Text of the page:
Place Nationale the brick market square with double vaulted galleries (17-18th Centuries).
Cathedrale Notre-Dame (late 17th-early 18th centuries) built on the orders of Louis XIV, is in stark contrast to the rest of the towns red brick construction.
Market Days Wednesday/Saturday am - Marche au gras, Place Nationale Saturday am - farmers & flea Marche - Place Prax-Paris
Set among orchards in the foot hills of the Quercy, the fortified village of Montpezat-de-Quercy retain sits medieval character. Renaissance houses, half-timbered houses, and medieval cob-walled houses complement the town's covered market place.
The Eglise Saint-Martin (1337), in the Languedoc style, features side chapels separated by the interior buttresses of a single nave. The church also houses superb Flemish tapestries from the late 16th century, the marble statue, Virgin with Doves, from the 14th century, and several English alabasters.
The Faillal Leisure Park, a residential and entertainment centre, is situated just outside the town.
SAINT ANTONIN NOBLE VAL
This town's spectacular position earned it the title "Nobilis Vallis," or Noble Valley. Beneath the towering white cliffs of Anglars Rock, Saint Antonin lies between the Aveyron and Bonnette Rivers.
The townhall, built in 1125, is the oldest in France; now a museum, it displays a remarkable collection of local prehistoric artifacts. Periods of war and prosperity have left their mark on the village making it a living museum of medieval civil architecture unique in France.
It is the setting for two films Charlotte Gray and The Hundred Foot Journey
Market Day is Sunday am
The village of Saint-Cirq Lapopie is perched on a cliff 100 m (330 ft) above the river and is one of the major beauty spots of the Lot valley and about a 45 minute drive from Saint Antonin Noble Val
In the Middle Ages, Saint-Cirq Lapopie was the main town of one of the four viscountcies that made up Quercy. It was divided between four feudal dynasties, the Lapopies, Gourdons, Cardaillacs and Castelnaus. The village was dominated by a fortress made up of a number of castles and towers.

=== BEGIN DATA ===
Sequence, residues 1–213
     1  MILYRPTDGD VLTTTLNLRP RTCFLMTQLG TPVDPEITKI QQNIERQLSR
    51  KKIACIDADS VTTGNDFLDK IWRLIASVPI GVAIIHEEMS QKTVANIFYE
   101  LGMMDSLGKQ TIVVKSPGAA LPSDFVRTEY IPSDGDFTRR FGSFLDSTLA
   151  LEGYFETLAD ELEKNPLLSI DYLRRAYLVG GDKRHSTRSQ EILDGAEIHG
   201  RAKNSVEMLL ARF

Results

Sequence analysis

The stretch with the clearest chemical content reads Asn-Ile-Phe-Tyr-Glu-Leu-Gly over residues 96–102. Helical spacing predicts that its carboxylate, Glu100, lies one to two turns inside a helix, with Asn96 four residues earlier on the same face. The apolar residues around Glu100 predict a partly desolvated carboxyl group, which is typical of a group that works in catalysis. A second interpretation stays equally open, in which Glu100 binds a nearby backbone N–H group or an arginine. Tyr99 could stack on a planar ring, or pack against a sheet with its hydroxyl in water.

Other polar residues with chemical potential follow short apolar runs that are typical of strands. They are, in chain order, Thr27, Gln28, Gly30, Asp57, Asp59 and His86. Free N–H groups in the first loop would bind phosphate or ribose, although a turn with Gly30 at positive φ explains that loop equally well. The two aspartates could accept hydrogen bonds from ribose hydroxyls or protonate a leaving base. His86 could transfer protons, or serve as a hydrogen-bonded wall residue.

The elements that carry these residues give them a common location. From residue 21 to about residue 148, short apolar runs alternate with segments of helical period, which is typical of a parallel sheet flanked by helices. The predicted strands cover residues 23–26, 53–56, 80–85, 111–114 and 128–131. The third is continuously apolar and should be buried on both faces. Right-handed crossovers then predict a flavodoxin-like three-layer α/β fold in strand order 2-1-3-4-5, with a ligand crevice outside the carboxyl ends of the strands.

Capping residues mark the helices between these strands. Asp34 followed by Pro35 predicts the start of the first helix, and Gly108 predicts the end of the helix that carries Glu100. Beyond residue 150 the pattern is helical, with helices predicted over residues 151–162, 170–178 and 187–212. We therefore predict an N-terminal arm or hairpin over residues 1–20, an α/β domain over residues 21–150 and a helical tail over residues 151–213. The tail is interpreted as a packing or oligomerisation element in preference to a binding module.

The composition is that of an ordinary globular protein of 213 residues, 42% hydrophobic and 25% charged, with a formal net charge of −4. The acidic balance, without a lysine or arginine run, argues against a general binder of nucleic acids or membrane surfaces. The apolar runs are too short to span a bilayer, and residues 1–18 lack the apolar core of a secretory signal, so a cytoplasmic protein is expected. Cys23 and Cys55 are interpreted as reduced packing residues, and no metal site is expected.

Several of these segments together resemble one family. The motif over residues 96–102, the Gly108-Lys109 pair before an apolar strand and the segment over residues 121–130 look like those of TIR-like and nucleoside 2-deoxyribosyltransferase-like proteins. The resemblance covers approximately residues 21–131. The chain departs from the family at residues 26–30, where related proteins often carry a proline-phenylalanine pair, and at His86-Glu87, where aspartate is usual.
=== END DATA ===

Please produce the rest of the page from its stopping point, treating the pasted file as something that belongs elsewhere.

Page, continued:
Below the fortress, the village streets lead down to fortified gates. Many historic houses have stone or half-timbered fronts going back to the 13th-16th centuries. The houses are narrow and have steep tiled roofs. The gabled houses fronting on the street are separated by a narrow space called an entremi, which carried away rainwater and waste from sinks and latrines.
Beneath the Saint-Cirq Lapopie cliff there are watermills, weirs, harbours, locks and towpath to recall the days when river transport was the glory of the Lot Valley.
Known as the "Pink City" (La Ville Rose) Toulouse is the fourth largest city in France, after Paris, Marseille and Lyon. It has become a center of aviation and spaceflight in the past 20 years. More than 35,000 of the local population work in the civil aviation or space industries.
The city, on the Garonne river, is on the site of an ancient Roman settlement; even today many of the smaller streets follow their Roman counterparts and many of the red brick (pink) buildings are of a pseudo-Roman style. It is these buildings that gives Toulouse its nickname "La Ville Rose".
In the middle ages, Toulouse was one of the richest cities in France due to the sale of blue coloring (xxxxxx) extracted from woad plants. The cosmopolitan atmoshpere is wondreful with numerous shops, restaurants, bars and clubs. If you are lucky enough to come in the season watch one of Europe's best rugby teams, Stade Toulousain play at Stade Ernest-Wallon it is a fantastic atmoshphere and I guarentee exciting rugby.
The "Space City" (Cité de l'espace) is one of Toulouse's top "aviation" attractions. It is a scientific theme park with replicas of spacecraft and interactive exhibits, alongside a small planetarium. (Great for children aged 5 to 15)
If you are looking for a property to rent,or someone to manage an existing one, in the South West of France , why not talk to us...Call or email Richard or Elaine Woollam......We can help you.
Midi Pyrenees Owners Club